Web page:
Across Incunabula, Amber, and Tri Repetae, Autechre tangle the vectors of dissonance, rhythmic eccentricities and cybernetic ambience with in unpredictably brilliant and uncompromisingly complex avenues.
Check out our reviews right here.
New Reviews: Yoko Ono, Joanna Brouk And More October 10 2016
We're super excited about the Yoko Ono reissue project on Secretly Canadian. The series kicks off with three important albums – featuring Ono's inimitable voice – that have been out-of-print for far too long.
Plus, this week we listed some of our favorite LPs from inventive musicians/composers who just so happen to also be women (because let's face it, men often get too much credit) including Daniela Casa, Eliane Radigue, Grouper, Cate Le Bon, Alice Coltrane, Ellen Fullman, Joanna Brouk, Puce Mary and Circuit Des Yeux. Too many records to choose from!
On The Turntable: Sublime Frequencies October 04 2016
This week we're featuring one of our favorite labels of global esoterica.
Sublime Frequencies began in 2003 under the curatorial helm of Alan Bishop and Hisham Mayet (along with a team of like-minded investigators) to celebrate cultural forms little known in the Western world.
If it wasn't for Sublime Frequencies, much of this amazing music may have otherwise been buried.
Long live Sublime Frequencies!
Check out our reviews right here.
On The Turntable: Jack Rose September 19 2016
This week we're psyched to highlight the long-awaited Jack Rose reissue series.
Rose created a prolific body of work before tragically passing away in 2009. Pivotal in reviving the introspective folk-blues-raga meditations of the Fahey school, Rose would reframe the solo guitar legacy for new audiences with his powerfully soulful performances.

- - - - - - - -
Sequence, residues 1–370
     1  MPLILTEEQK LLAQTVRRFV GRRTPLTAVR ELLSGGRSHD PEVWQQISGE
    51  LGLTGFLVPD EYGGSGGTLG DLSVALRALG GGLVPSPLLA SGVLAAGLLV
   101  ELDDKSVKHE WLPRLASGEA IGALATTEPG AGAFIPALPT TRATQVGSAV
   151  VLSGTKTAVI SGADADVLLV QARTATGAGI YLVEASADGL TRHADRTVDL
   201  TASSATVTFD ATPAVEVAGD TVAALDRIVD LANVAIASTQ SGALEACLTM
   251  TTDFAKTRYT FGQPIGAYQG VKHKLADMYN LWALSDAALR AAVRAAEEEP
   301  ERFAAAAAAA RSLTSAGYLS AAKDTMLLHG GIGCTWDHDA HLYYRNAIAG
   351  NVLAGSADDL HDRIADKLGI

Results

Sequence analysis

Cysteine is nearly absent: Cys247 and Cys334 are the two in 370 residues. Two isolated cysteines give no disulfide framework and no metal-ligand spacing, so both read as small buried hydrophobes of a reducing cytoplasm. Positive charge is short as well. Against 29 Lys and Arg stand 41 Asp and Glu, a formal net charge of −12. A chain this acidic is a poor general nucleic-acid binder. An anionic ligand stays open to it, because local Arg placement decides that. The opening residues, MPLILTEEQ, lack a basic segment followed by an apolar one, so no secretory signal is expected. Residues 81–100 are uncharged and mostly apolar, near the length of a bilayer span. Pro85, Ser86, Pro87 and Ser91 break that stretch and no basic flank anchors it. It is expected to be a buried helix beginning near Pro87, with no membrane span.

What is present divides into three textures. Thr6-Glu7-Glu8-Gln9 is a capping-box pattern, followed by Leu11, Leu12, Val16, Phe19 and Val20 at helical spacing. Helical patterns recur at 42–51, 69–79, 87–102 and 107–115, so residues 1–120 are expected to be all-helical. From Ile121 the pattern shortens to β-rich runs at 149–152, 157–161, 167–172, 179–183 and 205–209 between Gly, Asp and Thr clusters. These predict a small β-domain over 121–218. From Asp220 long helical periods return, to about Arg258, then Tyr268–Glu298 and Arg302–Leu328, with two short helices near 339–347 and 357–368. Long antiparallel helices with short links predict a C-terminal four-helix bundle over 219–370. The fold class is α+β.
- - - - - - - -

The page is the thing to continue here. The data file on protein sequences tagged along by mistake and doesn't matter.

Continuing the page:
Thankfully, VHF and Three Lobed have done a great service in reissuing these gems on vinyl.
Check out our reviews right here.
Oakland Store Moving September 15 2016
We're excited to announce that our Oakland store is moving! We found the perfect spot located off of Piedmont Avenue – right next door to our friends at Issues. Our new address will be 14 Glen Avenue in Oakland.
Our current Oakland location (4929 Telegraph) is open through Tuesday September 27th.
Stranded Oakland will then re-open on Saturday October 1st at our new East Bay digs.
The shop in SF will be open regular hours during the move.
New Reviews: Nick Cave, Roy Montgomery And More September 09 2016
A lil late getting this out today ... Like everyone else we were at the Nick Cave movie last night. It's beautifully shot and extremely touching. If you haven't checked it out, we highly recommended seeing it. We reviewed the record below, which came out today and is amazing.
This week our friends at Grapefruit sent us a promo of the upcoming Roy Montgomery box. It's epic so we wrote an appropriately sized review. Roy never ceases to amaze ... Also this week, we reviewed the latest Cass McCombs album – new label and another great record. Can't stop spinning this one in the shop.
Enjoy the reviews. Keep on listening!
Hello from San Francisco August 09 2016
We are excited to announce that Stranded has opened a new storefront in the former location of Aquarius Records. Stranded is the retail arm of the archival label Superior Viaduct. Some of our releases include Suicide, The Fall, Tony Conrad, Devo, Charles Mingus, Alice Coltrane and many more.
Those of you who have been regular AQ customers will be happy to know that the same folks who helped run this SF institution for many years are still here – behind the counter and laptops.
The new shop brings with it a fresh coat of paint, custom-made furniture, a lot of new and used records and a re-designed website. Continuing in AQ's tradition, we're going to review as many titles each week as possible.
You can expect a weekly email that features releases we love and upcoming titles you can pre-order.
So please make yourselves comfortable, check out the site, and let us know what you think.
Grand Opening Weekend July 30 2016
John Olson (Wolf Eyes) reading from Life Is A Rip Off and then ripping solo improv sax.
Upcoming In-Store: John Olson July 22 2016
Stranded SF in-store: John Olson reading
Saturday, July 30th at 3pm
John Olson of the band Wolf Eyes reads from his first book, Life Is A Rip Off, reviewing one record per day for one year … from the doom of death metal demo tapes to the hallelujah of Staples Singers gospel. Heavy.